Read our full Destiny review.
Destiny isn’t the first game to straddle two generations of gaming hardware, but it’s one of the few currently in play that was built from the ground up with that in mind. With its latest title, Bungie took on the Herculean task of building a game for four systems: PlayStation 3, PlayStation 4, Xbox 360, and Xbox One. With the foundations now laid and the all-important beta just around the corner, we spoke with Bungie engineer Roger Wolfson to find out more about the challenges of building a game that runs on just about anything.
“There is a huge amount of complexity behind the scenes,” Wolfson tells Digital Trends. “Our platform engineering team has done an awesome job of hiding all of that complexity from the end-user.”
Each console presents its own set of challenges for capturing the experience that Bungie wants players to have.
As Wolfson puts it, “We want to let the designers drive what the game means.” So for the platform engineers, it’s not about pushing a console to its limits. Wolfson and his team are simply focused on ensuring that the base experience dreamed up by Bungie’s creative types can be faithfully recreated in four very different playgrounds.
This designer-first thinking extends to Destiny’s online features as well. It’s the creative team that susses out the “right” number of players to have roaming around in a given space. They create their vision of a balanced experience and the engineers then ensure that said experience translates across four different machines.
This is one of the big reasons why we don’t see cross-platform play, even when it’s under a single hardware maker’s banner. Players might wonder why Destiny works on PS3 and PS4, but doesn’t allow for players on either console to intermingle. This isn’t a product of some technical dilemma; it’s about preserving the experience for everyone.
“I’ll speak for the hypothetical player,” Wolfson explains. “I have a disadvantage sniping across the map because [my opponent with a next-gen console] is only two pixels on my screen and I’m four pixels on his. You see that in the world of PC gaming, where people are always racing to the best video card to give themselves the advantage.”
“Regardless of where the reality is, there’s definitely a perception among gamers that better hardware means you have an advantage. We don’t want to have to enter that fray, so to create the best, most level playing field, both actually and perceptually, we separated it by platform.”
The results so far, according to Wolfson, have everyone at the studio excited, and confident enough to put all versions of the game in front of players for the beta. The newer machines both offer an expected higher level of graphical fidelity, but overall performance on PS4/Xbox One versus PS3/Xbox 360 is said to be almost identical.
“I’ve been playing some on the Xbox 360 as well as the PS4 [at home] as we head into the beta window, and I’ve been really pleased at how I can almost forget that I’m playing on a last-gen console,” Wolfson says. “There’s really no difference at all in loading, the action game is as fluid and as action-packed, there are as many combatants on the last-gen, [and] the loading times are equivalent.”
The character you create on September 9 is meant to stick with you for the next 10 years.
“Predictably, a decade from now when we’re into the later sequels, we won’t still be on PS3 and Xbox 360, but the platform engineering we’ve done, the investment engineering we’ve done, is the most exciting thing to me,” he says.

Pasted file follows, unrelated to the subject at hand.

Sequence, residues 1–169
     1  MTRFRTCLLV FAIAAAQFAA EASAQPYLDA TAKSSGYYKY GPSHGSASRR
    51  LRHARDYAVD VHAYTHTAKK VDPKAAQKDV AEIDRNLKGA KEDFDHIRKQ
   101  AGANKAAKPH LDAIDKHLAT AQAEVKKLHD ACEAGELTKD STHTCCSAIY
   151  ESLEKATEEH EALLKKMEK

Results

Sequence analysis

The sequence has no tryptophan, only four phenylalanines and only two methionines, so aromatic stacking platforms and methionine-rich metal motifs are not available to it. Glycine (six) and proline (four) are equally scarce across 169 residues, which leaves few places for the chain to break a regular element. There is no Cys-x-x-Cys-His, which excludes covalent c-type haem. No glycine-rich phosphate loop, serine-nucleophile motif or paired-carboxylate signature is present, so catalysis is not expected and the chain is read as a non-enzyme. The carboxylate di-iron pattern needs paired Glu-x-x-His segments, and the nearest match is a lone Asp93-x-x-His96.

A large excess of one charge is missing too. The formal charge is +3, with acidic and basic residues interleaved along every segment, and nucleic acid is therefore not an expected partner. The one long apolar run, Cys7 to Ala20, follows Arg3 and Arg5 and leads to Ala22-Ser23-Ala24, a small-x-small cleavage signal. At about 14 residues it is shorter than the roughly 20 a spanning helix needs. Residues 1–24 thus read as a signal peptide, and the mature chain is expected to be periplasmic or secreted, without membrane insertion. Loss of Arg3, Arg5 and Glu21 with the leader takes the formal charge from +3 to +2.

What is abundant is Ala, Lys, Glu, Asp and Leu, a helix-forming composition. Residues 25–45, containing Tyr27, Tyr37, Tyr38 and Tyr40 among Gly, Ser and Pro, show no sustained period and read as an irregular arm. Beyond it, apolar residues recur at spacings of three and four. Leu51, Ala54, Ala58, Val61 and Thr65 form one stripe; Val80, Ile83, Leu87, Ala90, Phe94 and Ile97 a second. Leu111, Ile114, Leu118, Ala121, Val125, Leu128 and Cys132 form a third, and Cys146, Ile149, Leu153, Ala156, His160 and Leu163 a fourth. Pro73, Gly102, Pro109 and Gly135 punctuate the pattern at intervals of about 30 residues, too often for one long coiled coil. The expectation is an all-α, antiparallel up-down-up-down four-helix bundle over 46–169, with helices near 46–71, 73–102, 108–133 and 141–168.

It’s all about giving players a sense of permanence. The character you create on September 9 is meant to stick with you for the next 10 years. Bungie learned a lot about community-minded game development during the stretch of time between Halo: Combat Evolved and Halo: Reach. Those lessons helped to shape the heart of what Destiny is, not just as a single game, but as a series-to-be.
“The gameplay of [Halo: Combat Evolved] is great, but the gameplay today and the character, replaying a mission, it’s the same as it was the first time you played it,” Wolfson explains.
“Our goal for Destiny is that each time you play it, you’re going to have a different experience. Not just because of the social interaction, and the fact that you can play with different people, but because your character is growing and will have different ways of playing the same content every time you go back and replay it.”
It’s not simply a matter of building a cloud-based profile system that stores player data and tracks progress. That’s a foundational building block, make no mistake, but here again, the designer-first mentality guides the team’s thinking. As Destiny’s architects look ahead toward an unknown future, they face the challenge of carrying forward an experience that is as friendly to newcomers as it is to veterans.
“Let’s say Destiny 2 [and] Destiny 3 are out, and we have new players joining the fun,” Wolfson says. “[They] want to play those new games alongside those who have been playing Destiny from the beginning. [We want to ensure] they won’t feel like they’re four years behind. And then, if they want to, they’ll be able to go back and pick up the old content on their same character.”
“So we’ve done a lot of planning for how that’s going to work, to not make people feel like they have years worth of leveling up to do.”
But that’s still years down the road. The real test for Wolfson’s engineering team – and the beginning of the road for eager gamers – starts tomorrow when Bungie throws open the doors to the Destiny world for the first time in the long-awaited beta test.
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